Not everyone has the money to invest in a new car. Used cars may come at a discounted price, but sometimes they also come with headaches.
What happens if you buy a used car from a dealer and something immediately goes wrong? You are not entirely out of luck and money. Depending on your circumstances, you may have rights under California’s lemon law.
California has one of the most protective lemon laws, not just for new cars. That’s right—California’s used car lemon laws provide certain protections for used car buyers. Dealers and manufacturers cannot get away with selling you a real lemon even if you don’t have the money to invest in a new vehicle.
California’s Used Car Lemon Law
A common question is: Does the lemon law apply to used cars in California? The answer is yes if the car fits specific criteria.
California’s lemon law for used cars protects a buyer who has purchased a used car, under warranty, that is defective or cannot be repaired after a reasonable number of attempts.
You must have bought the vehicle from a dealer or retailer, not an individual. Plus, the car must have a warranty to qualify under California’s lemon law.
Under California’s used car lemon laws, a manufacturer or dealer must repurchase or repair the vehicle if it has a significant defect or cannot be repaired within a reasonable number of repair attempts.
The manufacturer or dealer must pay your attorney fees, costs, and in some certain situations, civil penalties if the manufacturer willfully tries to evade the lemon law.
Used Car Warranties
California’s used car lemon laws apply to used cars with warranties. The vehicle may be purchased used but still under the manufacturer’s original warranty. The dealer may have also provided a dealer warranty.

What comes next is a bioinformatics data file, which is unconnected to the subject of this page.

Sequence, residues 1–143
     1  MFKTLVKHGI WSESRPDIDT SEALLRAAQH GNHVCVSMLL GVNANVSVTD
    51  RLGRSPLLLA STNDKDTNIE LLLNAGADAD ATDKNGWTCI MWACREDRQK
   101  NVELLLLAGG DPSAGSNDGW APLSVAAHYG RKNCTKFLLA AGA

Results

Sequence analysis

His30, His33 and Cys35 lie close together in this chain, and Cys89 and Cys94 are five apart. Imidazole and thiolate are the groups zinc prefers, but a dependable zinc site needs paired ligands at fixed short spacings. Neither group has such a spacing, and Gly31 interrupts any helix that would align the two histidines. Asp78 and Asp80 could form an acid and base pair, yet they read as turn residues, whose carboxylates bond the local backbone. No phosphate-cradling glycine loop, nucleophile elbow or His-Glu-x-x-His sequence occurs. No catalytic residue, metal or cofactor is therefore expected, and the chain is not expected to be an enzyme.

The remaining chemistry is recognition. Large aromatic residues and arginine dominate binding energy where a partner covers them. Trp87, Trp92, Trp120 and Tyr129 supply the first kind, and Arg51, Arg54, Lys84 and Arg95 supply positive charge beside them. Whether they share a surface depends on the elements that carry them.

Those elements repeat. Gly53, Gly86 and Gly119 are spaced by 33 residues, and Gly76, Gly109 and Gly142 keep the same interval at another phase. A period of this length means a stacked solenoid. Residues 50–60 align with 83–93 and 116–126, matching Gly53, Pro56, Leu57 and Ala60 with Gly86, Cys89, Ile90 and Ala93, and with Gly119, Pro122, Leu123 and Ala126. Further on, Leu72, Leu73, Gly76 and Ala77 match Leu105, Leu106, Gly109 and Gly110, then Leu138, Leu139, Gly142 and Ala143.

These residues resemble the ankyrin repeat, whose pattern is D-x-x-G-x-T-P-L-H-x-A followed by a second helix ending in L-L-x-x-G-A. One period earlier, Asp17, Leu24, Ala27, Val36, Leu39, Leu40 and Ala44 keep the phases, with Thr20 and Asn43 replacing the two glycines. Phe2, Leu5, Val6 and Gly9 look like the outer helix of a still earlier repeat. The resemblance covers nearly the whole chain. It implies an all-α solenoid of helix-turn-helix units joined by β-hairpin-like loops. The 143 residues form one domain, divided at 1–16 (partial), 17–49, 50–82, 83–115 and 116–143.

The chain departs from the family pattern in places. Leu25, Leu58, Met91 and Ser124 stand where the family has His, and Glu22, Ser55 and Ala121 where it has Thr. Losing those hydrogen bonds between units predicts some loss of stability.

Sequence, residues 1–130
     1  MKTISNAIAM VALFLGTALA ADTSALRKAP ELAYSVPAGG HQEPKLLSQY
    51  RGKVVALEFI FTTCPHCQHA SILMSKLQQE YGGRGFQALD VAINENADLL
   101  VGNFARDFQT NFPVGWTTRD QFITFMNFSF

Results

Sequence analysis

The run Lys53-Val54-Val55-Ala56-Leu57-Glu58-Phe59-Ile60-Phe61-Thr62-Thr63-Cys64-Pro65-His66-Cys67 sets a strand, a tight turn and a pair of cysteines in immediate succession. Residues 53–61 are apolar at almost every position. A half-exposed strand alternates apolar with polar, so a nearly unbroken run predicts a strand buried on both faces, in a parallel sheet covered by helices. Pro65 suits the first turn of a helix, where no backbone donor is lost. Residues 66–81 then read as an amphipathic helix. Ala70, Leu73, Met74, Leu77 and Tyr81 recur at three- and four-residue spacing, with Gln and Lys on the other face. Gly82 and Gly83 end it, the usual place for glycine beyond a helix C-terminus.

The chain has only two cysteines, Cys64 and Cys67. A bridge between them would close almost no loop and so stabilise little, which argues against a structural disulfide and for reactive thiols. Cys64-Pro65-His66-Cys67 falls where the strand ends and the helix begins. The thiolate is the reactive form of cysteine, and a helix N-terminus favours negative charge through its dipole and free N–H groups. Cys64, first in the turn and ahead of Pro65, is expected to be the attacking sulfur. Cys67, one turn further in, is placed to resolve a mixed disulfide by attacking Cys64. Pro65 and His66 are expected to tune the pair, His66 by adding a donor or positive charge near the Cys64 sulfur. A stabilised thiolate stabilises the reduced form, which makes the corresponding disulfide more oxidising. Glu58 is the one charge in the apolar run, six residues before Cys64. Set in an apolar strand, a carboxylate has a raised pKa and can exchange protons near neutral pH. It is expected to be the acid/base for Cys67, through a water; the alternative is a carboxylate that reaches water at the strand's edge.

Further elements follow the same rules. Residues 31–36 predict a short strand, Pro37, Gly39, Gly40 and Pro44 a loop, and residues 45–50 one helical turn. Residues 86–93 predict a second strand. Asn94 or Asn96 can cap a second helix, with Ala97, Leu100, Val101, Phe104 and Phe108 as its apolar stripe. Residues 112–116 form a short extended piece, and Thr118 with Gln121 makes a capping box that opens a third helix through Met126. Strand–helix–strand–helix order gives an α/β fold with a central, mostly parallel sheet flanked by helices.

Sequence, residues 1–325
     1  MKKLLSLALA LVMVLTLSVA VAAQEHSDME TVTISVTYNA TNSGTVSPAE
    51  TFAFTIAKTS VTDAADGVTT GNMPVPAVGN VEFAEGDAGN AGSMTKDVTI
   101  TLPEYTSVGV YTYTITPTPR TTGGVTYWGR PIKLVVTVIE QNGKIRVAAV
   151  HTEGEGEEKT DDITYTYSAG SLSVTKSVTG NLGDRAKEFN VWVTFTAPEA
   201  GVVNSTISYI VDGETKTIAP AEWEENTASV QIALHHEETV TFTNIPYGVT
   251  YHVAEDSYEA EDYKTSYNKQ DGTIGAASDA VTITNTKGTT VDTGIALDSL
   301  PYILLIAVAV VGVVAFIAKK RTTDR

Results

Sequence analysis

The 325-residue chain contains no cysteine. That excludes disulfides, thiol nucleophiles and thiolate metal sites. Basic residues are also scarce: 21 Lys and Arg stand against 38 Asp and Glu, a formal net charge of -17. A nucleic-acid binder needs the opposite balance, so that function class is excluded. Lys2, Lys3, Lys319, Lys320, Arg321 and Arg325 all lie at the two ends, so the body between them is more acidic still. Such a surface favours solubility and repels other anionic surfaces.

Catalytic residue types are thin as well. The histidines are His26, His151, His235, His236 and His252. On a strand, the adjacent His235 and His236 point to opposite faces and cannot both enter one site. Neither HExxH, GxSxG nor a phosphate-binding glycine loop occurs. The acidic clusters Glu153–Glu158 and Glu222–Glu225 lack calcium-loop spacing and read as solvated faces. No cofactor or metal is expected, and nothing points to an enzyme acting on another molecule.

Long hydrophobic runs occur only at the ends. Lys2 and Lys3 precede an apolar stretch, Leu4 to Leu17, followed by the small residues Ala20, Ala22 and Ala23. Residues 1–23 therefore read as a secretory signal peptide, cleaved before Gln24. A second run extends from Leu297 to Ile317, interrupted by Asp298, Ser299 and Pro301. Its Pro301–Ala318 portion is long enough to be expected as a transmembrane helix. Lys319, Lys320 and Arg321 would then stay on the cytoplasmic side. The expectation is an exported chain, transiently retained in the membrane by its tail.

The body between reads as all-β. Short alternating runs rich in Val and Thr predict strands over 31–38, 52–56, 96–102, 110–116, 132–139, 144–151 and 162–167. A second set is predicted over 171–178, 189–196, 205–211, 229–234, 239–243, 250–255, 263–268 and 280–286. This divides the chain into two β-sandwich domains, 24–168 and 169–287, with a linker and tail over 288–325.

In any event, you may have protections under the California lemon law when you purchase a used car that is still under the manufacturer warranty or that was provided with a dealer warranty.
Implied Warranty of Merchantability
Unless the dealer sold you a car “as-is,” your car is covered by an implied warranty of merchantability, even if it does not have a written warranty.
The implied warranty of merchantability is essentially an unwritten promise from the dealer that the car will do what it’s supposed to do. If your used vehicle has a significant defect and you believe it existed when you purchased it, the dealer may have violated this warranty.
Extended Warranty or Service Contract
Often, dealers offer extended warranties that are, in fact, just service contracts. Although this may mean that your repairs should be covered if something goes wrong with the vehicle, it doesn’t necessarily mean that it is under manufacturer warranty.
You should check your used car’s buyer’s guide to see whether it came with a warranty and you should check to see if your car is still covered under the manufacturer’s original warranties.
Additionally, “buy-here-pay-here” dealers must include a warranty with their cars.
Under California’s lemon law, a “buy-here-pay-here” dealer must provide a minimum of a 30 day or 1,000 mile warranty, whichever comes first. The lemon law protects you if you buy a car from a buy-here-pay-here dealer and it dies or has significant issues soon after you leave the dealer.
If you are not sure whether your used car came with a warranty, look at the buyer’s guide. A buyer’s guide should indicate whether the vehicle is under warranty or “as is.”